Andersen is the result of a split between the old Andersen Consulting and Arthur Andersen, a once-respected firm whose employees' solid sense of their corporate identity earned them the moniker of “androids”. This is not the first time it has found itself in trouble. Last year the SEC fined the firm $7m for approving the accounts of another Texas company, Waste Management, even though its accounting methods seemed designed to mislead investors. It also had to pay $110m to settle a lawsuit over auditing work it did for Sunbeam, a Florida consumer-products company that filed for bankruptcy.
Still, Andersen is not the only offender. This week, the SEC rebuked another of the “big five” firms, KPMG, for investing in a fund whose accounts it audited. In 2000, another giant, PricewaterhouseCoopers, was found guilty of no fewer than 8,000 violations of SEC rules covering employee shareholdings in audit clients. The infractions were minor. But they raised a question: if accountants cannot follow rules separating their financial interests from their clients, how can they be trusted to insulate their firms' corporate interests?
Conflicts of interest have become sharper as the accounting firms have transformed themselves into huge “professional-services firms”, offering clients everything from advice on information-technology systems, to legal help, tax planning and recruitment services. Andersen had revenues last year of more than $9 billion, with 85,000 employees in 84 countries. Enron was an important client. But of the $52m in fees Andersen earned from it, more than half, $27m, derived not from auditing its books, but from providing other services. It must surely be time to implement the ban on doing non-audit work for audit clients that was sought by Arthur Levitt, who stepped down as chairman of the SEC in early 2001. As Mr Levitt recalls, Andersen fiercely opposed the ban, arguing that there was no evidence that it was needed. There is now.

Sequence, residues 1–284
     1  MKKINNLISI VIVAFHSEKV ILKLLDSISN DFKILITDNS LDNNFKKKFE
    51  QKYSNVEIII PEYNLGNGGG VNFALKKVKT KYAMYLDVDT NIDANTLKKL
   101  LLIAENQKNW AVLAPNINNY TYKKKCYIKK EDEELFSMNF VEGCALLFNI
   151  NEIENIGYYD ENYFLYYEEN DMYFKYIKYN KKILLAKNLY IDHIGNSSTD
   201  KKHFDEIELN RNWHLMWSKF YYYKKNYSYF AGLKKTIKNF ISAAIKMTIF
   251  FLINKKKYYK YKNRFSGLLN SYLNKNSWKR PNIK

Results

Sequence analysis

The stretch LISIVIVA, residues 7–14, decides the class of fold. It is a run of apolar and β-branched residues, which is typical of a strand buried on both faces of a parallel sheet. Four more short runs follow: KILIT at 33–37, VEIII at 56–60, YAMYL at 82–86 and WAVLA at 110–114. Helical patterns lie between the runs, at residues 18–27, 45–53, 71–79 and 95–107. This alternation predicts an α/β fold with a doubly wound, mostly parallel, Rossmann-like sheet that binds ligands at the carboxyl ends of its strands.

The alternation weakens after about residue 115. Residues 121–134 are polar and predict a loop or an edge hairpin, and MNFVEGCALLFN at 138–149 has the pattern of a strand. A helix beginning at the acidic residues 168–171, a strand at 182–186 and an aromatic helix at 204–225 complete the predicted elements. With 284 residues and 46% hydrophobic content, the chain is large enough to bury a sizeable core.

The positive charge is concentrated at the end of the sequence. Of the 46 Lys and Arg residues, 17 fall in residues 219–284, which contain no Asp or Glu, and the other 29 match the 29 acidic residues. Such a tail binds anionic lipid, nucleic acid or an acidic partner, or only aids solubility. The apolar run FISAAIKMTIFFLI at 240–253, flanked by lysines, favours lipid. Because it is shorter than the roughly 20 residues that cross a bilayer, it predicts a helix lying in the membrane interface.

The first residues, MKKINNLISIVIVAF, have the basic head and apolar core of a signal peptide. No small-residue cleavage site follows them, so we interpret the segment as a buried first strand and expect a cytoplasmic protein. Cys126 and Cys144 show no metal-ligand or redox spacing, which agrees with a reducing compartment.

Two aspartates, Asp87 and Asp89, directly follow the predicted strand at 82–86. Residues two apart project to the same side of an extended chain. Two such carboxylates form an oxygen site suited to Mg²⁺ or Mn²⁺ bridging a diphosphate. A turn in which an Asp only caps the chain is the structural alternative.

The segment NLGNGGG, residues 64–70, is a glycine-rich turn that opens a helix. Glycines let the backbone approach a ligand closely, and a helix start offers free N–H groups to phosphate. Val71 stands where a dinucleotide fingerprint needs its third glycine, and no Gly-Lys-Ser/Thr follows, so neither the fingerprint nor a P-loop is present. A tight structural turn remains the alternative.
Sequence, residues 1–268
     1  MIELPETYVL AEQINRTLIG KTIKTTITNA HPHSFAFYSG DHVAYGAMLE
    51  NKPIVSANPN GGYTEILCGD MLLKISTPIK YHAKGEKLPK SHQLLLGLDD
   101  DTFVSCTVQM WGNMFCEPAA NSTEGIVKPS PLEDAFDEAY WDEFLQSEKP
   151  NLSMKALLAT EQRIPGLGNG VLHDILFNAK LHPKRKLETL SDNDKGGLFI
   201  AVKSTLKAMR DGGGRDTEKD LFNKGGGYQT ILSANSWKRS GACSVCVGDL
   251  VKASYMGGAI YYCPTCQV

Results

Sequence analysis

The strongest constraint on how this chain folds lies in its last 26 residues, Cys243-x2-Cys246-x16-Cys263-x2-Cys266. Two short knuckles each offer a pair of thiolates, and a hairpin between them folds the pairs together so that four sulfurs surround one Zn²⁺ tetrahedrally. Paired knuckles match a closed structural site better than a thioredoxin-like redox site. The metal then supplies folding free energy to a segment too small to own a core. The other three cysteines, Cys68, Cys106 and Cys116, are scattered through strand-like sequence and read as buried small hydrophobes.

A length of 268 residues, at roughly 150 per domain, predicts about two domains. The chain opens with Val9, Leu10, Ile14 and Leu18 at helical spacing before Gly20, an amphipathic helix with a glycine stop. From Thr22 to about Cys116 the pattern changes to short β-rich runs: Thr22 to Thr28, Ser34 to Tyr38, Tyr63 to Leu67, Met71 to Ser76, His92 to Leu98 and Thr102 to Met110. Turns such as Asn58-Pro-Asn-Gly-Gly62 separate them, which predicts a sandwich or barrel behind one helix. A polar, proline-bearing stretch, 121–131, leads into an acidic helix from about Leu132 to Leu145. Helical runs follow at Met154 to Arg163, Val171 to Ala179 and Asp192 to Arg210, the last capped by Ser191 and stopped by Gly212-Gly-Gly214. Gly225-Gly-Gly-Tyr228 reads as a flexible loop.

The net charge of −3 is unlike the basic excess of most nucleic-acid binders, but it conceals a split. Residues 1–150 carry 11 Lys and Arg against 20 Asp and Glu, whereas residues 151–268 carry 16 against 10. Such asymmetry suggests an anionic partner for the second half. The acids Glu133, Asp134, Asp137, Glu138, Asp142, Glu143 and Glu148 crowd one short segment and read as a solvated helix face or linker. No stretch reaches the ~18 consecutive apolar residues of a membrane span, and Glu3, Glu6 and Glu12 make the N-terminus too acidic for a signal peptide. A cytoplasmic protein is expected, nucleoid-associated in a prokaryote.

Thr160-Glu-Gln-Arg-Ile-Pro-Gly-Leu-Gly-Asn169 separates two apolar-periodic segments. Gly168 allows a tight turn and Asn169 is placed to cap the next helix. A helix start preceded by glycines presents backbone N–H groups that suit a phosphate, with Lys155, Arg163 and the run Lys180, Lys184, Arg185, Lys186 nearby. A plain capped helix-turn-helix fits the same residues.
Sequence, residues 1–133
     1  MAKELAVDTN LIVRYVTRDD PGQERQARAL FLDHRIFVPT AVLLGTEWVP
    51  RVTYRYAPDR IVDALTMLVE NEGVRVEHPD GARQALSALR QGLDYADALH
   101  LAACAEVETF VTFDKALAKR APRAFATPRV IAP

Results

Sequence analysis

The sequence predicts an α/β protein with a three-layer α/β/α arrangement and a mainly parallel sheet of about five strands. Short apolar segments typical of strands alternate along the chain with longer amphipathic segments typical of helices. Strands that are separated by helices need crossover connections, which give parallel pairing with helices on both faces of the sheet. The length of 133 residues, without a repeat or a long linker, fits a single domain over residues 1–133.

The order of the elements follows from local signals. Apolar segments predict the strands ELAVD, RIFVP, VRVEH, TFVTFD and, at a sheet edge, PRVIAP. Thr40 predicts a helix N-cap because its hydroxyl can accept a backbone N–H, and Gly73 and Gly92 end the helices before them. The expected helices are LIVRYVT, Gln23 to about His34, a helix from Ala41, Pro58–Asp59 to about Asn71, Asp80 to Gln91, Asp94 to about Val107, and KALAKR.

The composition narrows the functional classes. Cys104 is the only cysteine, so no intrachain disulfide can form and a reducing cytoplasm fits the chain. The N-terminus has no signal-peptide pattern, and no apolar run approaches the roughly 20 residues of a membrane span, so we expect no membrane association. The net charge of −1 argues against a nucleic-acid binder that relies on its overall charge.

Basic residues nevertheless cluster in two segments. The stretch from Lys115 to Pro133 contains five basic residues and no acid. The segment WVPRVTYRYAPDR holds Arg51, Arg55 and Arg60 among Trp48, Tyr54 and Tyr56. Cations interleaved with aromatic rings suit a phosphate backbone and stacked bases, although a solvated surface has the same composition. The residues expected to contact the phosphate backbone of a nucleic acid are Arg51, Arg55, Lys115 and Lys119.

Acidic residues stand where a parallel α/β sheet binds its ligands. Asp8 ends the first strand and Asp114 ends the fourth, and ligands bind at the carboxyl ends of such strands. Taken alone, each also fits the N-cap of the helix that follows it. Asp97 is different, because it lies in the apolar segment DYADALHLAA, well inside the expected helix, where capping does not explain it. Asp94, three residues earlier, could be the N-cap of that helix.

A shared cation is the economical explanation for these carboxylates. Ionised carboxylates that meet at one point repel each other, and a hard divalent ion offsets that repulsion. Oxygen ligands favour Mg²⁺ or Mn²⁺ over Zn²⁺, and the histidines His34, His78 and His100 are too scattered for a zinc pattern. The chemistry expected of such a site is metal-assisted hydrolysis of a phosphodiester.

Mr Berardino, Andersen's boss, pins much of the blame for Enron's demise on accounting standards that “have fostered a technical, legalistic mindset that is sometimes more concerned with the form rather than the substance of what is reported.” Yet that is partly down to the accounting firms, points out Lynn Turner, head of Colorado State University's Centre for Quality Financial Reporting and a former chief accountant at the SEC. In a recent speech, he cited numerous occasions on which the “big five” had frustrated attempts to improve accounting standards, including beefing up the Financial Accounting Standards Board (FASB). The FASB can at times show that it lacks force: in the 1990s it backed off from a rule to treat stock options as an expense, in the face of heavy lobbying.
America's accounting standards become ever less meaningful, says Baruch Lev of New York University's Stern School of Business. They fail to reflect a blurring of corporate boundaries caused by the proliferation of joint ventures, outsourcing, and so on. Nor do they fully report the emergence of new sorts of assets (such as intangible assets) and liabilities (off-balance-sheet financing, derivative contracts, etc). This creates an environment in which firms can too easily manipulate their figures: facilitating what Mr Levitt says is a move towards “indecipherable” earnings.
“The profession of auditing and accounting is in crisis,” says Paul Volcker, a former chairman of the Federal Reserve who is now head of the International Accounting Standards Committee Foundation. “It is hard to make meaningful change when there is a sense that things are going reasonably well. There is a silver lining in Enron. We do now have a sense of crisis.” Fingers crossed.